Roasted Autumnal Vegetables with Fruits & Borlotti Bean Salad

Roasted Autumnal Vegetables

Contents

Deborah Volunteer

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Introduction

As we move out of the abundance of the summer months and into Autumn, the vegetables in the Ashburnham Kitchen garden can, to some, feel less exciting and a bit less inspirational.

Many vegetables grown at this time of year may not win awards for their looks, but what they lack in beauty they more than make up for in flavour; they are actually packed full of flavour.

This recipe was inspired by a walk around the Kitchen garden with Nick, our Head Gardener, and everything in it is available as a veg box from Nick and his team, so why not try making this for a group of friends and enjoy the flavours of Autumn.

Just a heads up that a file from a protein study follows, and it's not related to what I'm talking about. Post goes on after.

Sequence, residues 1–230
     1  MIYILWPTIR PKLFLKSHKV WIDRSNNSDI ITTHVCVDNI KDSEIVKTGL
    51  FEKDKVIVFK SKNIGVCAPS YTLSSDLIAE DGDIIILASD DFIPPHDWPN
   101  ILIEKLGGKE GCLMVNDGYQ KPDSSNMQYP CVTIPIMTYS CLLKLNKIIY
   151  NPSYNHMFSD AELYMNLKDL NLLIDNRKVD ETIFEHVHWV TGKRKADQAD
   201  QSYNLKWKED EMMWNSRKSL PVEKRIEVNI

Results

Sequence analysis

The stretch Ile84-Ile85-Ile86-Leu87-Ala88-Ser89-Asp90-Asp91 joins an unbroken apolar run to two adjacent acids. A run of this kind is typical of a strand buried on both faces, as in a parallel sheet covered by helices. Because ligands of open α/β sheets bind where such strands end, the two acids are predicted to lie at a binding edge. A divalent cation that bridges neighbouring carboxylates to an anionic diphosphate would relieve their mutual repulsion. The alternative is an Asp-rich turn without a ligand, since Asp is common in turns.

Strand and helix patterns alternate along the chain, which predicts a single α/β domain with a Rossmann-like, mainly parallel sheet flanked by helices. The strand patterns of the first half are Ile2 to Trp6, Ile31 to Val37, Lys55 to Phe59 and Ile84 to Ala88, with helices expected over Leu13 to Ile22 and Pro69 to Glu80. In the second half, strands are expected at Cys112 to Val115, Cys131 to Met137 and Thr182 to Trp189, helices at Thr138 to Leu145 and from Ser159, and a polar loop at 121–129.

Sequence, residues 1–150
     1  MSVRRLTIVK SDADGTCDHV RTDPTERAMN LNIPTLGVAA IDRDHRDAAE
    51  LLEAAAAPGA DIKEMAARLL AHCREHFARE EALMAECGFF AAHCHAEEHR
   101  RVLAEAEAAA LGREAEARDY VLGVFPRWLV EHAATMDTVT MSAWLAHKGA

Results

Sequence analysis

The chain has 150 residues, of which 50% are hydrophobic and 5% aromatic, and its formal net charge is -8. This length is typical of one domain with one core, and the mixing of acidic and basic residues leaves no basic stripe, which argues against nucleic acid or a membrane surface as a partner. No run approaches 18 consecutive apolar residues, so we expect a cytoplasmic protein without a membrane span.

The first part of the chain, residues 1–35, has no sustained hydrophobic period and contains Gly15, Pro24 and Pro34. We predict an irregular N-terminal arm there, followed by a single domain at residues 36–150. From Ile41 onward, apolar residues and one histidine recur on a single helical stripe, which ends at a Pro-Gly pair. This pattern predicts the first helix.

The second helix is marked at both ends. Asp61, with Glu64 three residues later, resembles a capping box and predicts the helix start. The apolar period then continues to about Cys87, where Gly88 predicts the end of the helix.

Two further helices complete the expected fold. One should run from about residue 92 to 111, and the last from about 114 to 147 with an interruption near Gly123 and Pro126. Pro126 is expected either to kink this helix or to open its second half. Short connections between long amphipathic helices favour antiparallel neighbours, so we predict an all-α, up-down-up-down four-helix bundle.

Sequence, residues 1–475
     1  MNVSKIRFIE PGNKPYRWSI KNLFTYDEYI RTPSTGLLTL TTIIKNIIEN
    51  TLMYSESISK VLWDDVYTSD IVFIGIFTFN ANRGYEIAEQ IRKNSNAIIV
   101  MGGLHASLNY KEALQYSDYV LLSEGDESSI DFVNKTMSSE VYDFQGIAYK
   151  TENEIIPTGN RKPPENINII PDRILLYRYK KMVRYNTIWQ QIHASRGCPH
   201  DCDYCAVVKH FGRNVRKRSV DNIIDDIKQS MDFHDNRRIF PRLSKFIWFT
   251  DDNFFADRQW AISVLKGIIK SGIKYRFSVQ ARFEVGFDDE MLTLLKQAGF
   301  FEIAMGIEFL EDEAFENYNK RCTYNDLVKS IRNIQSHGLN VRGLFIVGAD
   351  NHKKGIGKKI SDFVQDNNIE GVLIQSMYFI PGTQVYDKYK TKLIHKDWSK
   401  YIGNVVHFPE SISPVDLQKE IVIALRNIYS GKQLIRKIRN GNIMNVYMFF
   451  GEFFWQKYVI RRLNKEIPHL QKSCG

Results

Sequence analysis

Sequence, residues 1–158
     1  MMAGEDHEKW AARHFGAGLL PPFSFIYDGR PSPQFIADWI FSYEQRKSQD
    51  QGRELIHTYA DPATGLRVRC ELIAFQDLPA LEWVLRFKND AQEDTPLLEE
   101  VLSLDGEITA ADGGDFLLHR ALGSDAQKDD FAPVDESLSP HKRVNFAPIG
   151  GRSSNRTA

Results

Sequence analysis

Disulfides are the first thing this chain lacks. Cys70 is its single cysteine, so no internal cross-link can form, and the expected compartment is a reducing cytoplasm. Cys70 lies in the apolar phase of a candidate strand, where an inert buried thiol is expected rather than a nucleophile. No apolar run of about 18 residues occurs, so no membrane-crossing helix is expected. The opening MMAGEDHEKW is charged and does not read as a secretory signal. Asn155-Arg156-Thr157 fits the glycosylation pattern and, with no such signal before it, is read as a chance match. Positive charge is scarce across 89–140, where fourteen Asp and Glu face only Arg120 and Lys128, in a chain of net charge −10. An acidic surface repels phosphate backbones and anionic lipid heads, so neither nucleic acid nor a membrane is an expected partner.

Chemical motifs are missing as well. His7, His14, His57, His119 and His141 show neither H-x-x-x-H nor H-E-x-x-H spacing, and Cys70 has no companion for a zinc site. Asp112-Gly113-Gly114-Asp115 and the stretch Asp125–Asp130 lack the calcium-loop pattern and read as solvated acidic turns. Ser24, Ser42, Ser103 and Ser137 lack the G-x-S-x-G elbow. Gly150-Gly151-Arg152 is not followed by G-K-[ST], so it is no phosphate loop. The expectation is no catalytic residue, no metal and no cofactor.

Roasted autumnal vegetables, fruits &Borlotti bean salad ( 4-6 portions)

Beetroot
Roasted Autumnal Vegetables

Ingredients

5 Beetroot the size of a golf ball or a bit bigger

1Butternut squash peeled

½ Celeriac Peeled

2 Red onions

6 stems of Rainbow chard mixed colours

1 head Garlic peeled finely chopped

Thyme 3-4 sprigs

Fennel seeds 1 tbsp.

Coriander seeds 1tbsp

Borlotti beans 200g shelled

1Pear cut into wedges and core removed

1 russet apple sliced and core removed

2 tsp sugar

Sherry vinegar

Olive oil

Good quality red wine vinegar

Chopping Onions
Roasted Autumnal Vegetables

Getting Started

Heat the oven to 180c.

It is always good to work in an orderly and methodical manner when in the kitchen. For example, wash all the vegetables first before cutting, clear down any soil or debris, do all or any peeling, then do all the cutting and finally, the cooking.

Working in this way should help keep a clear mind as you repeat the same tasks albeit on different vegetables, therefore not changing which knife or peeler you are using, meaning you are working more efficiently and organised.

Garden Patch
Roasted Autumnal Vegetables

Method

Once everything is washed, and all peelings cleared away, start to prepare the vegetables in their various shapes.

Wash the beetroot well, particularly around the top where the leaves grow, trim the leaf stem to about 2cm above the top of the beetroot and put the washed leaves to one side for later use.